Movies on the Big Screen as They Were Meant To Be Seen.
ALL THAT HEAVEN ALLOWS
Dir: Douglas Sirk
Jane Wyman, a lonely widow with two spoiled, almost grown children (William Reynolds, Gloria Talbot) as well as a circle of snobbish, upper-middle-class friends, suddenly finds herself falling in love with her gardener (Rock Hudson). Director Douglas Sirk examines the curious cultural barriers we set up for ourselves regarding love, skewering age and class differences in the process as well as championing fearless independence of the individual spirit - something that was not so common in the 1950s. One of the most subversive love stories of 20th-century cinema and a prime inspiration for Todd Haynes' acclaimed FAR FROM HEAVEN.
Dir: George Stevens
Rock Hudson, Elizabeth Taylor and James Dean (in his last role) star in this sprawling account of the rise of a Texas oil family. Stevens moves back and forth between epic social commentary and intimate family melodrama with ease, and Boris Levin’s stunning art direction is a wonder to behold on the big screen. Stevens won the Academy Award for Best Director.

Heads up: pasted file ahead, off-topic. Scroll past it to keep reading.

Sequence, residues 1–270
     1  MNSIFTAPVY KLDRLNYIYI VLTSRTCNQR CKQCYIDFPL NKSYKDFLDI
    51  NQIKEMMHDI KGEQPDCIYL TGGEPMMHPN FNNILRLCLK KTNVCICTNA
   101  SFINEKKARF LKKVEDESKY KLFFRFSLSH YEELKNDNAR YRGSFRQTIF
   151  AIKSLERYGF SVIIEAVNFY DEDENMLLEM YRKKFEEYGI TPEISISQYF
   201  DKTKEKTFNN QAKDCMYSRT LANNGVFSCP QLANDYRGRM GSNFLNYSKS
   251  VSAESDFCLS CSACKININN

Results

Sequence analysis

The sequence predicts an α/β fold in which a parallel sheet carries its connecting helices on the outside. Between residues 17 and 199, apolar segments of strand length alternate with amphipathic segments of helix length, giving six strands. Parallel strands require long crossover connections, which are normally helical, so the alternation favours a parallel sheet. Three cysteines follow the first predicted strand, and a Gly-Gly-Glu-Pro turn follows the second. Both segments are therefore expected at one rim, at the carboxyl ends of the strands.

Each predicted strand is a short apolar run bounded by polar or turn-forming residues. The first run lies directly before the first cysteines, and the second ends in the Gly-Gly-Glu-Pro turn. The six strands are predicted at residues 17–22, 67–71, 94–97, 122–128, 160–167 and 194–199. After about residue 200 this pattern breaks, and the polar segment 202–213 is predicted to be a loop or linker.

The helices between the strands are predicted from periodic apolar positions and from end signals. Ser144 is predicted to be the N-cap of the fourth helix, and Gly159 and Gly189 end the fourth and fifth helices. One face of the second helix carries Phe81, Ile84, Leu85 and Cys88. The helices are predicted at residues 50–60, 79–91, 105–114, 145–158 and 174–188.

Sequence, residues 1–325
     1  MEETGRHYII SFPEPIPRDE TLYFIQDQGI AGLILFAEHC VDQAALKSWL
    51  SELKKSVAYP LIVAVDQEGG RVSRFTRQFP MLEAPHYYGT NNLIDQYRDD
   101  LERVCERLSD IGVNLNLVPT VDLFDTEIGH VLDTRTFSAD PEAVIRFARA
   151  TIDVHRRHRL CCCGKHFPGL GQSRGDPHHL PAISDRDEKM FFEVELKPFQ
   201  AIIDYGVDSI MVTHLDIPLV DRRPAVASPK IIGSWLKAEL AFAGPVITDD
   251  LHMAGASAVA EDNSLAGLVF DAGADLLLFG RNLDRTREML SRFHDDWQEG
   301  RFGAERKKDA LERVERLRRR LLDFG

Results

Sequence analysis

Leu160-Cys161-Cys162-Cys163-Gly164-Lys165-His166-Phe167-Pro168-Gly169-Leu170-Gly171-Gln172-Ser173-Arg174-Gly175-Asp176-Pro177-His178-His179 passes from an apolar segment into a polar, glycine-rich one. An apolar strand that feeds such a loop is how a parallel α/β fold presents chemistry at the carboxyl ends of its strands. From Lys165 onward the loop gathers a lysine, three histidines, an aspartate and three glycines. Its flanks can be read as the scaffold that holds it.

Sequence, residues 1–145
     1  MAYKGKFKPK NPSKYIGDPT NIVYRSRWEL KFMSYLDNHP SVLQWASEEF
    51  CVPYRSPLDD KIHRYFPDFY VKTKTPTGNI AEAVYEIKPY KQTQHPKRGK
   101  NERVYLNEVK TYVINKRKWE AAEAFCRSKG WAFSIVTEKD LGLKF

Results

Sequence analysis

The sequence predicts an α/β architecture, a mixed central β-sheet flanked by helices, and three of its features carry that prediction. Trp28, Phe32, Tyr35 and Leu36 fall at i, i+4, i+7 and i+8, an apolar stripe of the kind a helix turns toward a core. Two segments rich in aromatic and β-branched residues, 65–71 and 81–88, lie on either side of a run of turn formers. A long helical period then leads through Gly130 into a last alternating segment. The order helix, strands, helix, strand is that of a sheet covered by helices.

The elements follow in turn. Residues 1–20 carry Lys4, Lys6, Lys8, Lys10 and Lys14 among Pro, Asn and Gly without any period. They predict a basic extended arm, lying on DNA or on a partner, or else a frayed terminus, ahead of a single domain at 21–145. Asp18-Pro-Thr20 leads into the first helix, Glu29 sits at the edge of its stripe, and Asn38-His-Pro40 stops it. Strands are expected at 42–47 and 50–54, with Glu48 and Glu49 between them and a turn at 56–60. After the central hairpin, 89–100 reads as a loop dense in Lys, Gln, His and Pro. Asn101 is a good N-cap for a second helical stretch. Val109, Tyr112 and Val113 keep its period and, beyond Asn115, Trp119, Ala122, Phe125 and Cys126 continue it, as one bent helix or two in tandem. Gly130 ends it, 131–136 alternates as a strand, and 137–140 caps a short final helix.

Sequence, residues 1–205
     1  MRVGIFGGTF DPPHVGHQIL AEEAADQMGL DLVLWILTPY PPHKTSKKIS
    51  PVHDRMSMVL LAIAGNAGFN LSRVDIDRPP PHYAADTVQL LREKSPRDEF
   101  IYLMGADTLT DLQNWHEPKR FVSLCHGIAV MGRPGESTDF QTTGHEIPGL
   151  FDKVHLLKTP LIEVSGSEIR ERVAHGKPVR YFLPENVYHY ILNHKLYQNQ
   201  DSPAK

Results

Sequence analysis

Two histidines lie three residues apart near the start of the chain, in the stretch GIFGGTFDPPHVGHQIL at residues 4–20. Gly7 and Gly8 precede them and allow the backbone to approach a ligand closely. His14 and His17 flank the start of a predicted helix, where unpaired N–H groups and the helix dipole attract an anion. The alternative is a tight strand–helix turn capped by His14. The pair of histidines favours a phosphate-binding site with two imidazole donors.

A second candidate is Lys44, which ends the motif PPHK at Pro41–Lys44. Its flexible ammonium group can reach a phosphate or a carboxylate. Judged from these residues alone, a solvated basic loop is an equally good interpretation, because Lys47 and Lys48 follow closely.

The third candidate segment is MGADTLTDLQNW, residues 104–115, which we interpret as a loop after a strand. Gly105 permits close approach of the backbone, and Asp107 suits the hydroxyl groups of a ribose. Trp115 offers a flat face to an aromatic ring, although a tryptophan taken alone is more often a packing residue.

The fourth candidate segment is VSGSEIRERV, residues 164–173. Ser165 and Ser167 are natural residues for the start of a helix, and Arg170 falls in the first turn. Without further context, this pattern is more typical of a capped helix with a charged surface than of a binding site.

This later-era Howard Hawks classic stars Rock Hudson and Paula Prentiss as Roger and Abby, two headstrong overachievers wrangled into the ultimate battle of the sexes when Roger, the leading expert on sports fishing, is entered in a local fishing contest. The problem? Roger's never fished in his life. Delightful mayhem ensues as Roger and Abby unskillfully deal with the great outdoors.